Inflation will fall, interest rates will decline and household real income will rise in 2024 – paving the way for the Swedish economy to rapidly recover in 2025. However, the near-term outlook presents challenges, and the labour market will weaken this year. The Riksbank will start lowering the policy rate in May, and fiscal policy will become more expansive in 2025, according to Swedbank Economic Outlook.
“After two years of declining income, households are beginning to see signs of hope as inflation falls and public transfers to households increase,” commented Mattias Persson, Group Chief Economist, Swedbank. “However, consumption will remain subdued until the summer, but in the second half of the year we believe that households will become more optimistic, and that consumption will then start to increase. Above all, it will be housing investments that hold the Swedish economy back this year; they have come to a rapid halt and are expected to fall by 16% this year.”
Fragmentation on a deteriorating labour market
The Swedish labour market has started to weaken. The situation will continue to deteriorate in 2024, as economic growth will remain subdued, and unemployment will peak at 8.5% in the fourth quarter of the year. Yet, there is a risk that the labour market will weaken even more.
“The outlook for the labour market varies depending on industry,” Persson noted. “Subdued domestic demand is weighing on employment in the retail, hotel and restaurant sectors as well as on housing construction and related industries. At the same time, demand for labour remains high or stable in other industries such as defence, crisis preparedness, green technology and IT.”
Inflationary pressure will fall rapidly and the Riksbank will make more cuts
Inflation is now clearly on a downward trend in Sweden and is expected to reach the target of 2% by summer – CPIF inflation in June and CPIF excluding energy in July. Subsequently, Swedbank expects inflation to be below the inflation target by the end of 2025.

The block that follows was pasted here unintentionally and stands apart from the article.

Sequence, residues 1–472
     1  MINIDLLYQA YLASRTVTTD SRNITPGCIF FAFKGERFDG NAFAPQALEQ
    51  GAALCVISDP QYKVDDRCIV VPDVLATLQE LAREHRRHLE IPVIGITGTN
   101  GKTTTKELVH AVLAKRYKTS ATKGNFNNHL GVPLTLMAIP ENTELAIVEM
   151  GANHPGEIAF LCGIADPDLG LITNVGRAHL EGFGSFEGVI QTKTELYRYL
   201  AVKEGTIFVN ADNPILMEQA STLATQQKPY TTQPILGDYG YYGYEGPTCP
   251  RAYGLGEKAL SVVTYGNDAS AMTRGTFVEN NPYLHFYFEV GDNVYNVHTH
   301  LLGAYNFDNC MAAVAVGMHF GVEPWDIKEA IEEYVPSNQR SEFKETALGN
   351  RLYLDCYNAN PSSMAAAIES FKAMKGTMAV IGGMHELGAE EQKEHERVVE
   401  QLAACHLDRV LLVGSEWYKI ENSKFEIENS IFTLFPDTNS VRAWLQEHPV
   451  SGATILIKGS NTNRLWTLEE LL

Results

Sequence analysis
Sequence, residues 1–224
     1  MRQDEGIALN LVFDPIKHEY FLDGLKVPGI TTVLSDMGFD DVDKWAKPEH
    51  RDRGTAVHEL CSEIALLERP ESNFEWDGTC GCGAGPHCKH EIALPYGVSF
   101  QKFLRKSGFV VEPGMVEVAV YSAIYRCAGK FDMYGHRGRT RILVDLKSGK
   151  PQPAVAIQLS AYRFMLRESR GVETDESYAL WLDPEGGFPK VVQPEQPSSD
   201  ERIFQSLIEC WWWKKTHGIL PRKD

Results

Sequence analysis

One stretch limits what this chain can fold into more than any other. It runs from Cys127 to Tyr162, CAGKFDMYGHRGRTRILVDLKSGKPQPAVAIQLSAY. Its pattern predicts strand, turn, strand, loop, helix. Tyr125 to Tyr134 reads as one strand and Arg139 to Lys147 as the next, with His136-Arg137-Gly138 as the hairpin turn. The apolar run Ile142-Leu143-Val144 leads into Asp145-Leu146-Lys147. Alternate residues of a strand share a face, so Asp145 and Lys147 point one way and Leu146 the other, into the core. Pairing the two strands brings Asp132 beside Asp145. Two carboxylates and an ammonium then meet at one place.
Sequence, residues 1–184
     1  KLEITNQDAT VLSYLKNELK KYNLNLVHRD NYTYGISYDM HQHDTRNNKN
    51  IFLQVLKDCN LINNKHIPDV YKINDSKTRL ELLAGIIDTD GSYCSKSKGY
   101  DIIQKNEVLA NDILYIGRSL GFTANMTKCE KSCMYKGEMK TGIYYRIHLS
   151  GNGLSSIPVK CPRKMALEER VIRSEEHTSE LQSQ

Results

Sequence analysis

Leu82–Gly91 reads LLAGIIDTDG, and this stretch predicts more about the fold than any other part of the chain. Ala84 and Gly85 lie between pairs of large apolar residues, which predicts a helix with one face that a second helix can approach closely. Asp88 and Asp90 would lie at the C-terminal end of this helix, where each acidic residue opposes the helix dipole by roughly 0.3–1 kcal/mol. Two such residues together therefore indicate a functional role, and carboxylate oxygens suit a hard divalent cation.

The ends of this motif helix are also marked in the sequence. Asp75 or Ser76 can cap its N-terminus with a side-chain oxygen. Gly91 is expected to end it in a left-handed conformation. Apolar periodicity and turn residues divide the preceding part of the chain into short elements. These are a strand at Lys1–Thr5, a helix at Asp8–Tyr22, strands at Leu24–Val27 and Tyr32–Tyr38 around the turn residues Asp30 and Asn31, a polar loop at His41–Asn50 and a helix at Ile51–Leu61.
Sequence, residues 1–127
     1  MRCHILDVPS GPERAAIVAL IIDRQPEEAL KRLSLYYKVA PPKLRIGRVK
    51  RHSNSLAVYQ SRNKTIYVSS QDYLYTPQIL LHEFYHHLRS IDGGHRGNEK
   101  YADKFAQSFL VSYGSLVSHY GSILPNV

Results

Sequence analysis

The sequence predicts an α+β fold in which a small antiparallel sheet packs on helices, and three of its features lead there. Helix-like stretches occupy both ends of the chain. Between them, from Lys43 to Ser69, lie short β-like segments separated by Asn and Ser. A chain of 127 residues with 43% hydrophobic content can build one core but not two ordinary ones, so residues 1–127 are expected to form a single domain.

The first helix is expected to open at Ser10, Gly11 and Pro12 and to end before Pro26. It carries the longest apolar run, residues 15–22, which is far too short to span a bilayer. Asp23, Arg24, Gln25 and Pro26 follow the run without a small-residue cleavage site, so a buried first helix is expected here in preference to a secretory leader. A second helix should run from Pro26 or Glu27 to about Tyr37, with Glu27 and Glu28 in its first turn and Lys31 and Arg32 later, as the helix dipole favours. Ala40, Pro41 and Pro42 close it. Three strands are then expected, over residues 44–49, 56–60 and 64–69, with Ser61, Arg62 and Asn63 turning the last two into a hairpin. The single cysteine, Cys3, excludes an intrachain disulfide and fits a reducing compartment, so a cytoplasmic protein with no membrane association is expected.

“We expect the policy rate to be cut by 25 points in May, to 3.75%, followed by further cuts,” said Persson. “Swedbank’s assessment is that a normal policy rate in Sweden is approximately 2%. The policy rate will be gradually lowered to 2% by the middle of 2025, which means that monetary policy will remain tight, although to a lesser extent, until the middle of 2025.”
The Swedish economy will recover rapidly
The Swedish economy’s growth is expected to be weak this year, but a rapid upturn will follow in 2025. For 2024, Swedbank’s forecast has been revised up and we expect the economy to grow by 0.1% compared to our preceding forecast in November, in which we estimated that GDP would shrink by 0.4%. In 2025, there will be a strong recovery, and the Swedish economy will grow by 3.0%, an upward revision from Swedbank's previous forecast of 2.0%.
“The Swedish economy will continue to face headwinds in the first half of 2024, but after that the recovery will become increasingly evident,” added Persson. “In line with falling inflation, policy rate cuts and a more expansive fiscal policy in 2025, Sweden’s economy will grow faster than that of many other countries. The Swedish economy will make a comeback in 2025.”
There are some clear distinctions and parallels between Sweden's and Norway's economic outlooks for 2024, according to the comparison group at CasinospotFR. The high rates of inflation in both nations are having an impact on domestic demand. Both countries look set to see a decline in the labour market in 2024, but they have different predictions for the unemployment rate. While Sweden’s peak unemployment rate is projected for 8.5% in 2024, in Norway a steady climb to about 4% by 2025 is anticipated.
While both nations will maintain strict monetary policies to control inflation, it is projected that the key rate in Sweden will gradually decline to 2% by mid-2025, while in Norway, it will rise to 3.25% in 2024. In turn, while Sweden is predicted to see sluggish economic growth this year and a sharp recovery in 2025, Norway is predicted to see its mainland GDP growth decline following solid growth in 2021 and 2022, at 3.9% and 3.28%, respectively. Estimates from Statista show Norway’s annual GDP dropping to 2.28% in 2023, 1.5% in 2024 and 1.23% in 2025.
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